If you look at the pictures of her yoga poses on her Instagram feed (@chelsea_emily13) you’ll be forgiven for thinking Chelsea Hall a yoga pro.
In fact, we were so intrigued by her moves – especially her yoga poses on her stand up paddleboard (sup) – that we just had to make contact with Chelsea to quiz her about yoga, supping and her love of outdoor adventures.
By day, Chelsea works for Bird on a Wire, a Cape Town based creative/production company. But after hours she lives her passion for health, fitness and pushing her body to new limits, something that is perfectly encapsulated by her fitness philosophy “listen to your body, protect it, but also challenge it”.
DA: How long have you been doing yoga and how did you first get into it?
CH: I’ve been doing yoga for about three years now and, funny enough, I got into it through Instagram. I started following an account that I liked and eventually just got inspired to start myself!
DA: Have you had any formal yoga training?
CH: No, I just kind of picked it up and attended a few classes here and here. I try my best to get onto my mat at least four times a week, sometimes five.
DA: What are your favourite spots to do yoga?
CH: I love the beach – always have, always will! If I can’t make it to the beach then I just do it in my own backyard. Occasionally I like to take a class at Yogalicious in Milnerton.
DA: What do you love most about yoga?
CH: It creates a place where you can explore your mind and your body. It’s opened my eyes to all these amazing things I’ve achieved and how powerful the mind is. Yoga challenges me daily.
DA: How did you get into supping?
CH: I first tried supping about two years ago when I decided to be a tourist in my own city. It was amazing! Supping involves a lot of balance. I wouldn’t say you need crazy strength, just good control. It also helps if you can put the fact that you might fall out of your mind.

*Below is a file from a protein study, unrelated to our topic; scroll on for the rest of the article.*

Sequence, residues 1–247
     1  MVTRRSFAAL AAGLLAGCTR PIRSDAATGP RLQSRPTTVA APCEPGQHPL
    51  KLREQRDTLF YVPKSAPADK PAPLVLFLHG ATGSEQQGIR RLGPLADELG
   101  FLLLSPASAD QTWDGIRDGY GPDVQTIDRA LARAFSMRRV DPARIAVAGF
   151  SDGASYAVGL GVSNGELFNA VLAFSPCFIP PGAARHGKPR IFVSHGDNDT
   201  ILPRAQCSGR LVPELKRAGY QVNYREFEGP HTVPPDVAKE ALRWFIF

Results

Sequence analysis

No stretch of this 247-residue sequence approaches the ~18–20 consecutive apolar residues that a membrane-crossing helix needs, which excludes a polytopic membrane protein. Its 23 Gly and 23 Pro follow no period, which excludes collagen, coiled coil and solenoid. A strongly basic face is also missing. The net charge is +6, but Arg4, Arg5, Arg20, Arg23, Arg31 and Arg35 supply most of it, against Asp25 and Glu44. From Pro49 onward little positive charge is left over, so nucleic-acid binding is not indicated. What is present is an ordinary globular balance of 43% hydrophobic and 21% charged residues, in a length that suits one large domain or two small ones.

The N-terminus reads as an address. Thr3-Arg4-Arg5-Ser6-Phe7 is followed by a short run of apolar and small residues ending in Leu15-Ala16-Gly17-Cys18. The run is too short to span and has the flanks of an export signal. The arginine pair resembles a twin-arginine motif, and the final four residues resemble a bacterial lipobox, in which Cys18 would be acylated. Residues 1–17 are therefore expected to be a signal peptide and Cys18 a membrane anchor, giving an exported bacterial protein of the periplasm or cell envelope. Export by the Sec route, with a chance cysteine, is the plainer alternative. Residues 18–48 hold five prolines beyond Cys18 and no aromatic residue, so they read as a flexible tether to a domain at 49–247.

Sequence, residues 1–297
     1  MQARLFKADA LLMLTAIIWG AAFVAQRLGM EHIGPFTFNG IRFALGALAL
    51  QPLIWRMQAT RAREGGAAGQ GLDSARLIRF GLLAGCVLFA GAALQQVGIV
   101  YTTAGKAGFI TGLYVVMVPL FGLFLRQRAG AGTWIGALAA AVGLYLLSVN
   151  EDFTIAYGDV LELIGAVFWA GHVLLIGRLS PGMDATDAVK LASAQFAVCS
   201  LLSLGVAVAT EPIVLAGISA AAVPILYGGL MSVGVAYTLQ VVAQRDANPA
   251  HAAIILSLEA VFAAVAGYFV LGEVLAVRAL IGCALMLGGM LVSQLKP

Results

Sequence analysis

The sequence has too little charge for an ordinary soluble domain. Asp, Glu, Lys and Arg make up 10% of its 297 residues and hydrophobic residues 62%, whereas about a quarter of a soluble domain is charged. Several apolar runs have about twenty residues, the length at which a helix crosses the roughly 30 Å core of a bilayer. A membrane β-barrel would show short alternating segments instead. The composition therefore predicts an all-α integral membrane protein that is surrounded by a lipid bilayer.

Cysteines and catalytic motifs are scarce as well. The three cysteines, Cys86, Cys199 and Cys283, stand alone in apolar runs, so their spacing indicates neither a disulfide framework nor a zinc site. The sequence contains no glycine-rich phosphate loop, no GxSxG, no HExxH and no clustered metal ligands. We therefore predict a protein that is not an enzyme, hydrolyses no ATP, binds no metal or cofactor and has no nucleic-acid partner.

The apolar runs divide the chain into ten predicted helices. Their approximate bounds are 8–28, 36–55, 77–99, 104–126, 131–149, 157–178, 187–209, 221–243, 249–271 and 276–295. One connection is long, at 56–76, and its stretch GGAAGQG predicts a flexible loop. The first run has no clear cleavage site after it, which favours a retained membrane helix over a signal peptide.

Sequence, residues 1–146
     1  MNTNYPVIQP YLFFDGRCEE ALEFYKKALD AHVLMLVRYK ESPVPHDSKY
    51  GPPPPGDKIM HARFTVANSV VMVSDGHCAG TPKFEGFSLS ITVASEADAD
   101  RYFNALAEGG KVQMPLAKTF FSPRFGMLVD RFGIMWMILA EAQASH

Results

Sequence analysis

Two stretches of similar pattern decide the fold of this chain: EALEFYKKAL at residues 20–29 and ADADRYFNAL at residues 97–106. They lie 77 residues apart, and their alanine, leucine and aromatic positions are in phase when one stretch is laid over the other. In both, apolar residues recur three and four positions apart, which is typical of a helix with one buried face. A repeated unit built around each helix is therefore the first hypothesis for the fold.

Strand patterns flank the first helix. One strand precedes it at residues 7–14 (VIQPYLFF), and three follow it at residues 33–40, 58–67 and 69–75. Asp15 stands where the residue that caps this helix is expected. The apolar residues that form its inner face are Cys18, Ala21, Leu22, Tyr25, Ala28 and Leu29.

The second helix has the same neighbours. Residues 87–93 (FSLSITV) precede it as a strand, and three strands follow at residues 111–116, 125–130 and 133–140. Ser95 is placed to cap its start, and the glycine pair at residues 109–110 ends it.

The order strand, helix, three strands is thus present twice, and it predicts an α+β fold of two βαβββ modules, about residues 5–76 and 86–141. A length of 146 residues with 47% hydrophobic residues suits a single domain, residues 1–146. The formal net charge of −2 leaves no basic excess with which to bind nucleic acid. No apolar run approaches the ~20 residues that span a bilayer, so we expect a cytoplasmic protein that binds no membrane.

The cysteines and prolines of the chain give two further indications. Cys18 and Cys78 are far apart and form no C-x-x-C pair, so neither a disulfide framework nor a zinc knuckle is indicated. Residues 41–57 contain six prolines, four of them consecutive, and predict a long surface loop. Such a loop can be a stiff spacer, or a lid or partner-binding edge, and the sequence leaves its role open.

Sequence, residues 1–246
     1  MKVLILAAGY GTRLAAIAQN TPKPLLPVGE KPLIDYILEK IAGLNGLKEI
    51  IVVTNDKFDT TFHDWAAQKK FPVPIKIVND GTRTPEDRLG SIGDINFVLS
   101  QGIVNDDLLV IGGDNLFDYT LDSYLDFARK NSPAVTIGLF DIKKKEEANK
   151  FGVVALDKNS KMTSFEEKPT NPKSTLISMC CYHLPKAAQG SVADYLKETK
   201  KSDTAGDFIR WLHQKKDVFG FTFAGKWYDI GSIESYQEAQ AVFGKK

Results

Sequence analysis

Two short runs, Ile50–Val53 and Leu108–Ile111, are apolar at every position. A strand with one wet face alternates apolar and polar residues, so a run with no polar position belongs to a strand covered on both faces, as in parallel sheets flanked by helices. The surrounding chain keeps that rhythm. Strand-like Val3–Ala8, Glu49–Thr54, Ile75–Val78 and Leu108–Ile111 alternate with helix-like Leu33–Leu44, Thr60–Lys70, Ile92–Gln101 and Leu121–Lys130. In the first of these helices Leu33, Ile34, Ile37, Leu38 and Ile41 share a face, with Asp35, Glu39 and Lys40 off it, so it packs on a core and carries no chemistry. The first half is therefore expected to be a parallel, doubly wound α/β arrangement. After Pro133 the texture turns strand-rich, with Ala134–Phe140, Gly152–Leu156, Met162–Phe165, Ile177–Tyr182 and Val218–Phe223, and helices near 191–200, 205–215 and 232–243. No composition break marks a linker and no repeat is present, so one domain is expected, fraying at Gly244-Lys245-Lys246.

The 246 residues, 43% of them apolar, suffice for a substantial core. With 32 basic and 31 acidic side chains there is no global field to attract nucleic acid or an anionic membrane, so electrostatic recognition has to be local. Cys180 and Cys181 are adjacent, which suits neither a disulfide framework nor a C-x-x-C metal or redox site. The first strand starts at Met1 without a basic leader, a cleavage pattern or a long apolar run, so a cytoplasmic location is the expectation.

DA: What we’re especially impressed by is the yoga poses you can do on your sup! Can you tell us more about that?
CH: I’m not a pro but, again, you definitely need balance and some sense of spatial awareness. The boards are big but it’s still easy to forget what ends where, which could result in you no longer being on your board but rather soaking wet! Plus, you’re moving around most of the time as the water moves beneath you. Best is to take it slowly; don’t rush in and out of poses. Doing it slowly allows you to experience sup yoga at its best. It’s a great workout too, it will leave you feeling satisfied and wishing you could fall in, but it’s also really peaceful!
DA: Do you think supping is gaining popularity in Cape Town?
CH: Yes definitely. Since I first tried it two years ago there’s been a massive increase in supping workshops, classes and activity operators.
DA: Who should try supping?
CH: Water babies, like myself, and anybody who loves being active, outdoors and adventurous.